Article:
On November 9, Hug Somebody

Why, hello November. When did you show up? October feels like a blur. I’ve been busy. Work, school, and what not. My posts haven’t been as timely as I would have liked, but such is life. As many of you are aware, we are several days away from the infamous election day. Soon the mantras, chants, and verbal challenges of the season will come to an end. “Trump for President!” “Clinton for President!” “Never Trump!” “Never Clinton!” “Break the system with Johnson or Stein!” “A third party vote is a waste!” “Wait, who’s Evan McMullin?!”

So much to keep track of. So many divisive issues. So many scandals. A media mish-mash of he-said-she-said political debate and slander. Tis the season. I’m not here today to add my two cents to the political discussion. I’ll vote on Tuesday. I won’t share with you for who. Someone will be elected president. And life will continue on with challenges, old and new.

But I want to offer one very cheesy idea for November 9, 2016. Hug someone who did not vote as you did. Seriously. Once you’ve watched the poll results get broadcasted into the darkness of Tuesday night, have a good cheer, sigh, cry or what have you. Get some warm milk, hot tea, glass of wine or whatever suits your mood. Then go to bed. Do your best to get a good night’s rest. And on Wednesday November 9, hug someone who did not vote for the same candidate as you did. Do not apologize for the loss of his or her candidate (because you’re not sorry. Don’t be a disingenuous ass). Do not hug the person and whisper “You’ve doomed us all.” Just hug the person. Start with the hug. If you feel gutsy, maybe offer to buy him or her coffee, then ask how the family is, or how is working treating him or her. Maybe ask about their hopes and dreams. And leave the election out of it. Not forever. The political discussions have their place.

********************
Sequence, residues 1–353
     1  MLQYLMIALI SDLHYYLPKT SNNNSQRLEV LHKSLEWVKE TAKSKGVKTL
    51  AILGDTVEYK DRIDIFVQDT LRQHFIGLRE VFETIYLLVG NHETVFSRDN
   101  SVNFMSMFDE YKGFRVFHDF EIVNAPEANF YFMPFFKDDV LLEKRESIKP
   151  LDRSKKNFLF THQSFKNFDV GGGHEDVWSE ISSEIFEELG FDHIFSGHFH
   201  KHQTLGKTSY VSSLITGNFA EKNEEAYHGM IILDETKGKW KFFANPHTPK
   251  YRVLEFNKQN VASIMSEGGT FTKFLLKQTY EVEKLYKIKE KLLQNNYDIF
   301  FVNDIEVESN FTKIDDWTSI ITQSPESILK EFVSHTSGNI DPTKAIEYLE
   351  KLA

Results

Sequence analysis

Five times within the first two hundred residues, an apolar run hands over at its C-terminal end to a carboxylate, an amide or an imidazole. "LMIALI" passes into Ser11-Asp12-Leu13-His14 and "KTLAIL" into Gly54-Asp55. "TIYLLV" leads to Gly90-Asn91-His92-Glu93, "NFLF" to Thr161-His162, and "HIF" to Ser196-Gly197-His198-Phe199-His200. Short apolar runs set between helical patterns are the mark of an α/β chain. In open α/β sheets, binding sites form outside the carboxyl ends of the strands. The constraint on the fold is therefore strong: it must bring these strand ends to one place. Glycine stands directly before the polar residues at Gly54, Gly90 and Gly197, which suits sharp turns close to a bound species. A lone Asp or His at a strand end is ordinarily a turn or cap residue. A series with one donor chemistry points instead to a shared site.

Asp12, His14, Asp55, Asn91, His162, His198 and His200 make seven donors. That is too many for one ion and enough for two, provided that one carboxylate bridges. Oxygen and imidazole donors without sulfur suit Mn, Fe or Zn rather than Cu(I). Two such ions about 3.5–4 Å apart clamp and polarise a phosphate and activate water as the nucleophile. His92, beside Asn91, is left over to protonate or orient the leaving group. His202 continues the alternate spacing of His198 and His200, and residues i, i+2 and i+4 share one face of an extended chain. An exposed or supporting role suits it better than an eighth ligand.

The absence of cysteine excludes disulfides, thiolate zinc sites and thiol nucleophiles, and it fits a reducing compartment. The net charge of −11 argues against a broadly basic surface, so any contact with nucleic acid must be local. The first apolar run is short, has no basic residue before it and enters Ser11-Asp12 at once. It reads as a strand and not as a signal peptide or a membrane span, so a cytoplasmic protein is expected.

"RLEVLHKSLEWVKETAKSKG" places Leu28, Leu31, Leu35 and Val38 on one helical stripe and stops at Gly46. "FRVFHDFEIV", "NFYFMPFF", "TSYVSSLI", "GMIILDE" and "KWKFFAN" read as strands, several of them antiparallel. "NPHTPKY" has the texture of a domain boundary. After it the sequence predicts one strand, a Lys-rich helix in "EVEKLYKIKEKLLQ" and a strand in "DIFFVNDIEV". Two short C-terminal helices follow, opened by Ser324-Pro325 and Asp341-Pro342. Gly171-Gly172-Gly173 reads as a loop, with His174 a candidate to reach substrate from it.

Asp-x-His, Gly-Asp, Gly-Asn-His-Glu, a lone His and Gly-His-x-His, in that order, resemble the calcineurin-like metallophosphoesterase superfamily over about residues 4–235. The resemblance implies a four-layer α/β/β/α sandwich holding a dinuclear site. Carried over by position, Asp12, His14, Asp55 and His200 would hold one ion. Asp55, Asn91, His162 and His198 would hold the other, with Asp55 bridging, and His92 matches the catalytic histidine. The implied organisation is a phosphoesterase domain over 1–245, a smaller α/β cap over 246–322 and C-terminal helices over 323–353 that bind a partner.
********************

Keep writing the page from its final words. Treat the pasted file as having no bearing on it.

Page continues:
But on November 9, 2016, remember the humanity of those who did not vote as you did. That person is still bears the imago dei, the image of God. They are still people cherished by the Creator. They are not monsters, regardless of who they voted for.

Aren’t we all hurting? Aren’t we all concerned with the state of of world? Don’t we all vote according to our conscience? Let us remember that even if you find the voting decision of another person heinous and beyond logic, that person may think the same of you.

You have needs that you thought this candidate would meet in some fashion, whether directly or indirectly. And so does your neighbor. Because that “short-sighted fool who voted for [candidate]” is your neighbor. That person is my neighbor. What are your neighbor’s needs? How can you help? How can I help? But we need to bridge the divide. We need to heal the animosity and the hurt feelings. We need to share our fears. Because our fear is not “If Trump is elected,” or “If Clinton is elected.” Our fears our for family and friends. They are for our livelihood and provision. They are for the safety and security of ourselves and those we care for. What if we feared for the wellbeing of those who disagree with us? What if we had mercy?

Jesus was asked by an expert of the Law “Who is my neighbor?” There’s a great story there in Luke 10:25-37. Maybe read that with breakfast on Wednesday, November 9, 2016.

Then go hug someone who voted differently than you.

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